E-Alerts & Press Releases

Tackled, arrested, suspended…for trying to call for a ride home

Advocacy reverses inappropriate suspension, prompts training of school staff

June 29, 2018

The school day over, the Latino eighth grader gathered his things and prepared to head home. But the principal stopped him, reprimanding him for carrying a scooter.

By the time the principal finished chewing him out, the student’s bus had left. He walked into the school to call for a ride, where the principal and a security guard tackled him, held him prone, and had the police arrest him. The principal also suspended him for a week.

Excessive, don’t you think? Unfortunately, this student’s experience is not unique. Schools disproportionately use punitive disciplinary measures on students of color, making it difficult for young people to stay on track to complete their education. Called school pushout, practices like inappropriate suspensions, expulsion, and forced transfers literally push students out of school.

But we don’t have to accept the way things are, and your support can make a difference for kids. The Public Justice Center’s education equity initiative is taking on these challenges through individual representation in suspension and expulsion cases, know-your-rights and advocacy education for youth and parents, as well as systemic advocacy. Together with Disability Rights Maryland, the Maryland Office of the Public Defender, and the Youth, Education and Justice Clinic at University of Maryland School of Law, the PJC launched the Maryland Suspension Representation Project (MSRP) to provide advice and represent students facing suspension and expulsion. Through MSRP, we represented the student mentioned above in challenging the suspension and the unlawful physical restraint before the school system and state department of education. We got the suspension reversed, as well as an order requiring the school system to train staff on the proper use of restraint.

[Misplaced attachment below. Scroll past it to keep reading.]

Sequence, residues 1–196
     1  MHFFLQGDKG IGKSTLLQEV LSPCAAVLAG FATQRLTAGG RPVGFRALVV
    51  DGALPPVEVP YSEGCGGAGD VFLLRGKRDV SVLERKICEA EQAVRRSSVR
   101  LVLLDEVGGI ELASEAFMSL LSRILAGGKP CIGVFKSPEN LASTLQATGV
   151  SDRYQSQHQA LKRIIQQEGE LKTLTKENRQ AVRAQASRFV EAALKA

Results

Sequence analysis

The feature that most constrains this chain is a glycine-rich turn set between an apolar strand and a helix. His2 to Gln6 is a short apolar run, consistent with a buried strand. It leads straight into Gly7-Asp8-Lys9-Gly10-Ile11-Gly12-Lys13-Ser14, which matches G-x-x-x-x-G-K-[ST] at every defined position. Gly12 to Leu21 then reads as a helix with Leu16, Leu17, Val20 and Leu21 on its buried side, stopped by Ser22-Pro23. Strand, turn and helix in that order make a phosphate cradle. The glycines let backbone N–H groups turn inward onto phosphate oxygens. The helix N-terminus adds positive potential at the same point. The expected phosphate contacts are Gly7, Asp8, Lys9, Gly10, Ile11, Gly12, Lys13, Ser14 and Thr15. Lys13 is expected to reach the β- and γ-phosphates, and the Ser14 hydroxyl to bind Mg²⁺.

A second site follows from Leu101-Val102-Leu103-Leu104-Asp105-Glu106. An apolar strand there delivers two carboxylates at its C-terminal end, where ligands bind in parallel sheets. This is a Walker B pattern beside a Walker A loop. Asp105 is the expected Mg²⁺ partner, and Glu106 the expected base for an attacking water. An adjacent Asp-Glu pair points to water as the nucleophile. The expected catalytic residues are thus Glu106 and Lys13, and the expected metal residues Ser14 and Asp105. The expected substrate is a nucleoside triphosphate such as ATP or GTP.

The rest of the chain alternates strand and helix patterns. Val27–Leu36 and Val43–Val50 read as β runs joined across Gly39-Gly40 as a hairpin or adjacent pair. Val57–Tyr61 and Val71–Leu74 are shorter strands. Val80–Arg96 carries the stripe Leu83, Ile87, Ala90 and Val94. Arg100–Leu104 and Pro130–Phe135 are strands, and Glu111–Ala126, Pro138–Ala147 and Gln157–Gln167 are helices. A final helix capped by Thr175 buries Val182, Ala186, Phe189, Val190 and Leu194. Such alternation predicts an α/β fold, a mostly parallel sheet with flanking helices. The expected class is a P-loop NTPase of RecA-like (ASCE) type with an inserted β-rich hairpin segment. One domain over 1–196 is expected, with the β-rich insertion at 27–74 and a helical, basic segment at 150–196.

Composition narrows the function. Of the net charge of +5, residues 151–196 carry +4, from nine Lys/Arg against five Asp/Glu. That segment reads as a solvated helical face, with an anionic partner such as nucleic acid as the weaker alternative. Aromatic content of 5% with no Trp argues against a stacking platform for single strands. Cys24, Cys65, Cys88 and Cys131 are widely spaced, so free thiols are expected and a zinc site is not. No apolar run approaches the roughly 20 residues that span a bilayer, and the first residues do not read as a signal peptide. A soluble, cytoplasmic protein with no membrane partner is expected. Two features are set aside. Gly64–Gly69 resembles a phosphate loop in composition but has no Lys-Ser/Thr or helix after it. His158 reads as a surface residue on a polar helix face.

That’s how the education equity initiative is meant to work: getting justice for individual students while also addressing the systems that perpetuate school pushout. You can help continue this advocacy by making a gift today. With this school year wrapped up, your generosity will keep us fueled and ready to advocate for kids when school resumes in the fall.



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